Far below the stylish suites and luxury rooms of London's five-star Athenaeum Hotel, a machine billed as a "mechanical stomach" is quietly processing food waste into, well, almost nothing.
The Mayfair landmark, famed for hosting Marlon Brando, Elizabeth Taylor, and Warren Beatty when shooting in the UK, has landed another notable guest by installing Europe's first Eco-Safe Digester. The machine, already a hit in North America where over 300 are installed, promises to eliminate food waste at the point of generation, effectively allowing hotels, restaurants, hospitals, prisons, and other sites that produce large quantities of food waste to stop dumping their leftovers in landfill.
"Sometimes it doesn't make any economic sense to drive hundreds of miles to deliver some food waste to a digester," explains Alex Giacchetti, chief operating officer at GreenComm Environmental, which has won European distribution rights for the machine.
The company believes the Eco-Safe Digester can help tackle the UK's annual food waste bill, estimated at a massive £22bn. About 15 million tonnes of food is wasted in the UK every year, of which the hospitality sector alone creates about a fifth. WRAP, the government's waste adviser, estimates businesses across the country would save £2bn a year by eliminating food waste to landfill by 2020.
Currently, around 40 per cent of hospitality sector food waste is transported to landfill sites before being dumped, a process that produces huge amounts of greenhouse gas emissions both through the transport and the eventual decomposition of the organic waste. Methane, produced as food rots, has a global warming potential 21 times greater than CO2.
Meanwhile, companies are increasingly under pressure to report on waste levels and the idea of banning food waste to landfill entirely has been floated in the UK.
Giacchetti, a schoolboy contemporary of Tesla founder Elon Musk, explains over the noise of the Athenaeum's kitchen that the machine can deal with almost any sort of food waste, with the exceptions of large bones, shells, and pineapples.
Kitchen staff pours in the waste, which is sprayed with water at about 40C and churned by agitators. Special enzymes get to work and break down the material, taking 24 hours to transform 360 kilograms of waste into what Giacchetti describes as "about a bath-load of water". This can be emptied into a normal drain - or used for irrigation, flushing toilets and other 'grey water' applications. The £20,000 machine uses about as much electricity as a fridge, emits no real odor and runs very quietly.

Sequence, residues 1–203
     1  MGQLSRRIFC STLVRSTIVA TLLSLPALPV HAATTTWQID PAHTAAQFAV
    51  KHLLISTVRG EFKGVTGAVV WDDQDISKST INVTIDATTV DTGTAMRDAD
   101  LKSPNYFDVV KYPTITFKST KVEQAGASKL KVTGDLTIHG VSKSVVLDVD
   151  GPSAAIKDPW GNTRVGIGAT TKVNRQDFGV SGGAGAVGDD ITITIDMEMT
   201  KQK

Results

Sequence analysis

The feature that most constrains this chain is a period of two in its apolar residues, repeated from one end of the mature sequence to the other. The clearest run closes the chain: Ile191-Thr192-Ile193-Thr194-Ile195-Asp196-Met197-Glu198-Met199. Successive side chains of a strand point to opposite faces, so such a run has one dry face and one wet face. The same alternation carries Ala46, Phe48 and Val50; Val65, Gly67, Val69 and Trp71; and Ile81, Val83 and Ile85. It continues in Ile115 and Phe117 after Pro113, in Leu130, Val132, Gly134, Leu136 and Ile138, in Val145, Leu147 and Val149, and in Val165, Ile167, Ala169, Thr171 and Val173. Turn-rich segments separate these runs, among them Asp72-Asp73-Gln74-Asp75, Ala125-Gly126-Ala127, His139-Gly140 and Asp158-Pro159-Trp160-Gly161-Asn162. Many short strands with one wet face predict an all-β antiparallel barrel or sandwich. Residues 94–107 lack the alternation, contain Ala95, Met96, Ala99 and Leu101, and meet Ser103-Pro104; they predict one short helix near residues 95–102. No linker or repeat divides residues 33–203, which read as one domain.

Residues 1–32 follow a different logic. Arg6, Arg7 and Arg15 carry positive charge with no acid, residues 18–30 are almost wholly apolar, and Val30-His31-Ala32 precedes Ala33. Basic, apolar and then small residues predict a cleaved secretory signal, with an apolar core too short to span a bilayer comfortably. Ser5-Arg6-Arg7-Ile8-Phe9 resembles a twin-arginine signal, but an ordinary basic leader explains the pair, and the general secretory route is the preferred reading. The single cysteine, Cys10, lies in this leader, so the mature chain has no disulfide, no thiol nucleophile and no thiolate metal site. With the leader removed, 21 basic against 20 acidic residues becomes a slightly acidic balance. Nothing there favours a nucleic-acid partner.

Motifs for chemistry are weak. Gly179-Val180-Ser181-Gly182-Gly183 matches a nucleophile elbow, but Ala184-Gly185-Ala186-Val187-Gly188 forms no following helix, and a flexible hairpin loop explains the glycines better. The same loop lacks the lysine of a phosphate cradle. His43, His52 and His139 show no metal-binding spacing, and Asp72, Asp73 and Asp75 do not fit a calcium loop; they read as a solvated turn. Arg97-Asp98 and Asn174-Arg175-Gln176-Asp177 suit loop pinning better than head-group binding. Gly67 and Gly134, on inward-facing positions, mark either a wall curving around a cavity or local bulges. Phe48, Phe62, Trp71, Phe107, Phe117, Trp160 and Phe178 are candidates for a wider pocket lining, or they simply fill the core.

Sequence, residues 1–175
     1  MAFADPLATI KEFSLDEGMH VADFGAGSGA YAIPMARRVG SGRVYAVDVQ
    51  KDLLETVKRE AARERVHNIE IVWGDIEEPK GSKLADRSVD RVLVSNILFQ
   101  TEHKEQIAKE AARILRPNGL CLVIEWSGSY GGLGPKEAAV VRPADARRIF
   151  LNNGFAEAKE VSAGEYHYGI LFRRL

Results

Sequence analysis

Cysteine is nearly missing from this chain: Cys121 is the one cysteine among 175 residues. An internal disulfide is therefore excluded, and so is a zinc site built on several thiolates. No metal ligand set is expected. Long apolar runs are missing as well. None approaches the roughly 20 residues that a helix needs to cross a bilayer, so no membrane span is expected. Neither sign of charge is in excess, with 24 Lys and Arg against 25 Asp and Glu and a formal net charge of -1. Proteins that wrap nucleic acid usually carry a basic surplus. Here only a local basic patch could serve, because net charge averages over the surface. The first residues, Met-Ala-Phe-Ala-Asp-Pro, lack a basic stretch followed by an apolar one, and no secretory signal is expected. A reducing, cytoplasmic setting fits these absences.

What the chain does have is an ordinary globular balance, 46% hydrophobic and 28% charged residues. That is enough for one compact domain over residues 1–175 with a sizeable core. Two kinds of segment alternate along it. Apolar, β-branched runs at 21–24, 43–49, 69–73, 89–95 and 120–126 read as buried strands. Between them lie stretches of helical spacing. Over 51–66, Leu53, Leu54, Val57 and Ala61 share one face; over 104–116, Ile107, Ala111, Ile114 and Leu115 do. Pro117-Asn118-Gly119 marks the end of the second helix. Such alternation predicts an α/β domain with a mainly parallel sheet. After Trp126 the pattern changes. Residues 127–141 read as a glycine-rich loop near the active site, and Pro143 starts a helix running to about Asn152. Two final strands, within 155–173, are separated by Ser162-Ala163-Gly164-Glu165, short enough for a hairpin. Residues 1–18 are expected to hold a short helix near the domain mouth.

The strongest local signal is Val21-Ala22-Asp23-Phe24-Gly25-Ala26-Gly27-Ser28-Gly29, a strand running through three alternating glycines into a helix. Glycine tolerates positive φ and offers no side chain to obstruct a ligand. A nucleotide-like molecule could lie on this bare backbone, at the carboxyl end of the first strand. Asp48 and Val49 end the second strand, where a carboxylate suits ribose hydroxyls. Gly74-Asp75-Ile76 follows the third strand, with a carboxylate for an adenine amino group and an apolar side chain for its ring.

The largest Eco-Safe Digester model can process 1,130 kg in 24 hours, providing an opportunity for organizations to substantially reduce their waste costs and emissions - possibly by as much as £40,000 a year.
But Giacchetti adds that there are other benefits for businesses in terms of environmental reporting, improved purchasing decisions, and engagement with clients.
"Consumers are so much more educated now," he says. "They not only want to know where you're sourcing your produce from, they want to know what you're doing with your waste and if you are acting responsibly."
The Eco-Safe Digester comes with a "BioBrain" that tracks how much food is going in and can break that performance down by the hour. It can even automatically translate the emissions savings that are being delivered, providing regular updates on the level of emissions savings and the number of cars you would have to take off the road or trees you would have to plant to deliver equivalent savings. The tracking system also enables the machine to be monitored remotely so in the event of a fault, engineers can be sent immediately.
More importantly, businesses can also track when they create the most waste and take steps to reduce that. "One of the hotels we work with in New York looked at how much food they wasted at breakfast - and they had the data to support the argument to cancel the buffet, do 'a la carte' and hire an extra person in the kitchen," Giacchetti says.
The Athenaeum has also managed to get rid of a number of bins, freeing up much-needed space and reducing the risks associated with having food waste on site. The company has already placed an order for its sister hotel, which gives Giacchetti hope the Eco-Safe Digester's early success can be replicated this side of the Atlantic.
In the US, it has been installed in Veteran's Hospitals, as well as malls, restaurants and prisons. Giacchetti is targeting similar markets in Europe, along with some more left-field sites such as island resorts, cruise ships, and motorway service stations. "And we're looking at events too," he adds. "It's on wheels, so there's no reason you couldn't take it to something like Glastonbury."
There has been interest from Dubai, where the water produced could be used for irrigation, while the NHS is said to be considering replacing its macerators before they are banned. The company is also in talks with a major unnamed supermarket to trial the machine in one of its stores.
Should the company receive enough orders it could start manufacturing the machines in the UK, Giacchetti adds, although this is a long way off at present.
It remains to be seen whether the Eco-Safe Digester will build on its early success. But there is no doubt that the inexorable rise of waste management costs and increasing focus on sustainability from corporates and customers ensures more and more businesses will have to investigate ways to tackle the food waste mountain.
"Mechanical Stomach" Could Turn UK's Food Waste Mountain Into a Molehill
January 16, 2015